12 Steps a Spiritual Journey
- Parent Category: Rehab
- Category: 12 Step
- Written by Stop Admin
Is 12 steps a spiritual journey? I propose that anything one chooses can be a spiritual journey. After all, life and what one makes of it are what he chooses to do with his life and how he chooses to react.
The 12 step program, for anyone not familiar with this, is any addictive behavior that is supposedly handled on a day to day basis, through the personal working of the 12 steps, attending support meetings and staying in close contact with one’s sponsor. As to 12 steps, a spiritual journey, they address what they like to call a higher power. Their “higher power” can be anything, most do choose God, and however, others do not. I’ve even heard of someone who claimed a rock was his higher power. The 12 step program requires extensive personal commitment, which is the primary reason for the lower success rate of this program. In addition to working through the steps, this is a lengthy and intricate process in itself, they must be totally committed to attending support meetings every day and sometimes even multiple times in the same day, every day. They must also stay in contact with their sponsor on a daily basis. This routine is expected to be adhered to for the first few years of sobriety. As you can imagine, most do not make it and revert to using or drinking once again. Each time they relapse, they start over completely with the step work, meetings, etc. Some do attain sobriety this way and my hat is off to them, for I, am one that could not hang with this method.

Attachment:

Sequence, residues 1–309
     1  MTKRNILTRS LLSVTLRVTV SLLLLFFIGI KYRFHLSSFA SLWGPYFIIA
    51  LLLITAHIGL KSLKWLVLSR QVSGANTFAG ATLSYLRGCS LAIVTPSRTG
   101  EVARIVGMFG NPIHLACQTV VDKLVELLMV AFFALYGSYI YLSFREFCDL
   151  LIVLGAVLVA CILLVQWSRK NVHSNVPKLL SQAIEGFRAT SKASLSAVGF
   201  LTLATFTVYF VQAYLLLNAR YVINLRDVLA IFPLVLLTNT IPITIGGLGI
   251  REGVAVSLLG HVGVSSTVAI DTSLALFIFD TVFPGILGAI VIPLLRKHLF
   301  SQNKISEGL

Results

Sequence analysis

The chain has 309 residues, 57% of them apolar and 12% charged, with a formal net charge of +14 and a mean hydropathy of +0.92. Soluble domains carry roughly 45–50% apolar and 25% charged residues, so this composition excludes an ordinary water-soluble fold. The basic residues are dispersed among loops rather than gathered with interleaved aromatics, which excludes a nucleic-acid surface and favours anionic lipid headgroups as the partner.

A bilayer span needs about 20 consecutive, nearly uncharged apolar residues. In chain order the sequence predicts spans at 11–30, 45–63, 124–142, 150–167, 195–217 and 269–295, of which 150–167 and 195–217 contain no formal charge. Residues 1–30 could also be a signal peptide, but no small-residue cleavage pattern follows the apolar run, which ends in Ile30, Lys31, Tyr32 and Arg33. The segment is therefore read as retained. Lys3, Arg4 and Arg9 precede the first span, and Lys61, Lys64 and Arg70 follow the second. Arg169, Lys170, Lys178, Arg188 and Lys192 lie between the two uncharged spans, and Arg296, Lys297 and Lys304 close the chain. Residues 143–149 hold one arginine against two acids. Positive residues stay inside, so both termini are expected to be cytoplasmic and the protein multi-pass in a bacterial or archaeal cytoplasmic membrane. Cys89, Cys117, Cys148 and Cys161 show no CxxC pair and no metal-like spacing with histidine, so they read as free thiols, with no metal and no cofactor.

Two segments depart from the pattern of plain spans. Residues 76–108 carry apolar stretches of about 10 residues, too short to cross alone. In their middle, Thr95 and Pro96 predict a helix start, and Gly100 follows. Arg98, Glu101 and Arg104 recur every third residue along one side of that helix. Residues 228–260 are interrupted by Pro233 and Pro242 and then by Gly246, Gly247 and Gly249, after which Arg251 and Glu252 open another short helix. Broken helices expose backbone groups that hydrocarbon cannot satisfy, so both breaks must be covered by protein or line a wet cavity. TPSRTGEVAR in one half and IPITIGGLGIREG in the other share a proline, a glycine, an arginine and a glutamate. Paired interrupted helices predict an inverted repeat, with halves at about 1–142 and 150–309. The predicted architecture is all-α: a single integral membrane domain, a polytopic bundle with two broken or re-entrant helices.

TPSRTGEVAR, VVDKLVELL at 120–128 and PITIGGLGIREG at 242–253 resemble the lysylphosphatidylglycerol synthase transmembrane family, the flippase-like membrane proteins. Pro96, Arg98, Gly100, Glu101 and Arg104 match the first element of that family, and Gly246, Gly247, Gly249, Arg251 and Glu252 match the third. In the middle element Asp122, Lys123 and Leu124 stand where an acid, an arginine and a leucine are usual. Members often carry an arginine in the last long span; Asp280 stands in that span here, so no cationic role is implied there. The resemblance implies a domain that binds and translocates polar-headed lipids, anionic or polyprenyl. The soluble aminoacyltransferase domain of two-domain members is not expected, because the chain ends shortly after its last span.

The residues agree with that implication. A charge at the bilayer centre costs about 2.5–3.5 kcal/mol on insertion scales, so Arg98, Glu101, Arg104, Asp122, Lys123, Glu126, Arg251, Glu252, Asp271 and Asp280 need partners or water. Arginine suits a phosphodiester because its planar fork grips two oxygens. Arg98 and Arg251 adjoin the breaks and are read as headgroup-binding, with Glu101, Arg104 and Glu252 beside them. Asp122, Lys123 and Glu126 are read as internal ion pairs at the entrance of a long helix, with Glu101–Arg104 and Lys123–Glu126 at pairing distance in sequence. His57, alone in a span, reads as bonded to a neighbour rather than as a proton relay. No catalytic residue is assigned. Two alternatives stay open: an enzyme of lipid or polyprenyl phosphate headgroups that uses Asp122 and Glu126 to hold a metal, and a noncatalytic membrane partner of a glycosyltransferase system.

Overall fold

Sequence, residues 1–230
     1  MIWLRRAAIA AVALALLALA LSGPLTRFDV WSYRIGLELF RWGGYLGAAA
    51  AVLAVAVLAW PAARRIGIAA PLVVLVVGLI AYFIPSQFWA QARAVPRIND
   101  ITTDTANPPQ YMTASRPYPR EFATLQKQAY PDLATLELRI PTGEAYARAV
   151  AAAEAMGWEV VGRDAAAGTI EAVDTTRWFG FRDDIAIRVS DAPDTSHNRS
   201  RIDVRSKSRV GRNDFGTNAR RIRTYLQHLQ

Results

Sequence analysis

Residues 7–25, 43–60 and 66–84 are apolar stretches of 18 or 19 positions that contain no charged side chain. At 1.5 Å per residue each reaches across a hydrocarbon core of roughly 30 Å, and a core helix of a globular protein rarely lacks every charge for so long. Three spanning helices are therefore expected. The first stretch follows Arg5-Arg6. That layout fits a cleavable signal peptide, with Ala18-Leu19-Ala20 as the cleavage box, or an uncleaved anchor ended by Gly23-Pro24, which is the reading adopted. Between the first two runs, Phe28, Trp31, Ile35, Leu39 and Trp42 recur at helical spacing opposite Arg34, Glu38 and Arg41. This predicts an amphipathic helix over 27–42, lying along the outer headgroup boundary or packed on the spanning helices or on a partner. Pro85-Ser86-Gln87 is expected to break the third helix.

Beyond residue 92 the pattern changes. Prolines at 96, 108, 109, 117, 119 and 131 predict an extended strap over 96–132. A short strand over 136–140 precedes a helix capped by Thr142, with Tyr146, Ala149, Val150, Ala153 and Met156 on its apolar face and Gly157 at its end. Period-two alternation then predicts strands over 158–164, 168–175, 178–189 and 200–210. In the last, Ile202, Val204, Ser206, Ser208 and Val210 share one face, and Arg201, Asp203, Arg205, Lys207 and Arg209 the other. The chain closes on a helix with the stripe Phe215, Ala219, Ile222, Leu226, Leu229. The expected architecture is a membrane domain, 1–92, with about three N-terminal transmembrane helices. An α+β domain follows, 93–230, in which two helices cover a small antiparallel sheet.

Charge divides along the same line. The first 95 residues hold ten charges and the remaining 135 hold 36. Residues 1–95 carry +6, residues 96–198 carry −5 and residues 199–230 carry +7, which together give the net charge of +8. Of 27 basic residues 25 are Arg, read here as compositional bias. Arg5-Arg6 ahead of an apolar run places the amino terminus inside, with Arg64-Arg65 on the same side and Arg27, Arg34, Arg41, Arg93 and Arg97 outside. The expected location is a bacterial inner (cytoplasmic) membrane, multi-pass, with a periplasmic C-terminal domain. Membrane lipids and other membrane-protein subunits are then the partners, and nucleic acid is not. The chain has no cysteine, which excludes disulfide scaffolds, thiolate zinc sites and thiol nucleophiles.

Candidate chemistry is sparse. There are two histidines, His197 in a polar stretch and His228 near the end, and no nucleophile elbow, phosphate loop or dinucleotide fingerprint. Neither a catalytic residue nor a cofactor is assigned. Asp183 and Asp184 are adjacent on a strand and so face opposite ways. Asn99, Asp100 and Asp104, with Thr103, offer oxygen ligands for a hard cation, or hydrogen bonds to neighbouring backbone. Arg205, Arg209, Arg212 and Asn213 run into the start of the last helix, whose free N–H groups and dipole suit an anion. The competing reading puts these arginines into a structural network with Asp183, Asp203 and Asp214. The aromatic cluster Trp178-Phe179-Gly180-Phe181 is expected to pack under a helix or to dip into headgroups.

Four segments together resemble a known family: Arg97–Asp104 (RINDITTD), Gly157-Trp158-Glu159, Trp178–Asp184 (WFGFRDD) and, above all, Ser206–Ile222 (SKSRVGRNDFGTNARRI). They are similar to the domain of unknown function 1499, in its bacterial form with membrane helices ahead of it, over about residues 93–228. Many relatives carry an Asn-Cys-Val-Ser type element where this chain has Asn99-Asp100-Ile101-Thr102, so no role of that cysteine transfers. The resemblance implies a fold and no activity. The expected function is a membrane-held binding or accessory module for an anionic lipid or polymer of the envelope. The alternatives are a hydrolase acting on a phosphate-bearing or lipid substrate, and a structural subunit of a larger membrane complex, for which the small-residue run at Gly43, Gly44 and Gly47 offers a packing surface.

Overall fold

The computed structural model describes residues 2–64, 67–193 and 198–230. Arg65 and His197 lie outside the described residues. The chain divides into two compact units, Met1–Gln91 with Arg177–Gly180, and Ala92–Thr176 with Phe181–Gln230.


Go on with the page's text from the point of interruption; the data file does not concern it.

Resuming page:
So, back to the question, “Is 12 steps a spiritual journey”? I believe that those who are totally dedicated to the concept behind the 12 step program do experience a spiritual journey. One of the steps is experiencing a spiritual awakening and coming to know one’s higher power as a power greater than oneself. So, yes, it most definitely is a spiritual journey to those rare individuals. I, myself, even tried to make the program work for me, however, I was open to the idea of believing God had a greater purpose for my life and that he was completely capable of restoring me. It is the rest of the program that I could not follow. I found the meetings to be totally depressing and restimulative. I honestly worked the steps to the best of my ability, I did not want to attend the meetings as frequently as they suggested.
So, in answer to the question, “Is 12 steps a spiritual journey”? It is what you put into it and it can be a spiritual journey if you so desire.